But what is more remarkable is his convincing portrayal of an overweight martial arts hero on screen, not least because he is a martial arts exponent in real life. Hung is surely the poster boy for overweight men all over for showing them that being hefty is no barrier to being an agile fighter.

At 59, he is still very active in the industry. One of his latest projects was last year's Ip Man 2, in which he served as the action director and played a formidable martial arts master who challenges the Wing Chun legend, Ip Man.

The presence of these celebrities help to redress the imbalance in a mindless cult of the thin that seems to have permeated modern television these days intoning "fat is bad and thin is good".

The Biggest Loser, a reality TV programme in which obese contestants seek to win a cash prize by losing the most weight, is into its eighth year in the United States where it started and from which has spawned a franchise spanning the globe from Australia to Asia, and from Ukraine to Brazil.

It's almost like being fat is a sin committed by people who have no control over themselves. While it is true that obesity can give rise to certain ailments, the current fad of achieving thinness at all costs is not quite about one's health, but one's looks.

Worse, the ideal look is all too thin, as evidenced by the overblown obsession with the slight weight gains of stars like Miley Cyrus, who recently blasted the media for suggesting that she was fat.

Moreover, not everybody can achieve weight loss as easily as some celebrities and the contestants on The Biggest Losers seem to do. An active, healthy lifestyle is surely the more reasonable target, rather than the not quite reasonable thin is good, thin is healthy mantra that has taken hold.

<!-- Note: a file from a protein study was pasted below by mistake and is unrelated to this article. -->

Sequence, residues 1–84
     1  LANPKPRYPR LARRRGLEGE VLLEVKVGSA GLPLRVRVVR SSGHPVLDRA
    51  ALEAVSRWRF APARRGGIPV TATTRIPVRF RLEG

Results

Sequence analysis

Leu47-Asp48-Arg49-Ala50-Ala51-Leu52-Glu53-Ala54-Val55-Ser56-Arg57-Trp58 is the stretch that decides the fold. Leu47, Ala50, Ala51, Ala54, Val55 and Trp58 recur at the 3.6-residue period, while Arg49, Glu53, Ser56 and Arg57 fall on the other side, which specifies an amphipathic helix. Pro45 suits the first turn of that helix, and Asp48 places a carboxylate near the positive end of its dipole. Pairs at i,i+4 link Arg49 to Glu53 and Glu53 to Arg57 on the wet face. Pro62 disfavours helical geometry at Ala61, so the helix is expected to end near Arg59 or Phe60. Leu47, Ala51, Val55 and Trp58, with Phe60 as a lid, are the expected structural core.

It is a sign of an unhealthy trend when someone like Mike & Molly star Melissa McCarthy, this year's Best Actress winner in the comedy category at the Emmys and a plus-sized actress whose work has been well-supported by fans, talks about wanting to be smaller and not having the time to worry about what the industry thinks she should weigh in the same breath.

The industry could do with more Jack Blacks and Kent Chengs, whose prominent stomachs have never been the centre of attention in their successful careers.

> In this column, writer Hau Boon Lai ponders the lives, loves and liberties of celebrities.

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MMU offering Hollywood-style film making course

Posted: 12 Dec 2011 02:45 PM PST

JOHOR BARU: Movies with Holly­wood-style content – that's where the local film industry could be headed for.

This has been made possible with a collaboration between Multimedia University (MMU) and the University of Southern California (USC) to offer a Bachelor of Cinematic Arts course, said to be the first in Malaysia.

"Ours is different from other film-related courses available locally as we focus on a wide range of subjects involving activities in the film making industry," said MMU chairman Datuk Dr Halim Shafie.

He said the syllabus offered in the programme include cinematography, screen writing, directing, post production and television writing as well as script-to-screen approach.

Halim said the university decided to work with USC as it was recognised worldwide for its prestigious film programmes and studies that produced Hollywood personalities.

Among them are Ugly Betty's America Ferrera, Kelly Preston, who starred alongside Tom Cruise in Jerry McGuire and movie legend John Wayne.

Halim said the programme would start at the university's Cyberjaya campus from June 2012 before moving to its new campus in Educity@Nusajaya near here upon completion in 2014.

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Yeoh eyes Bollywood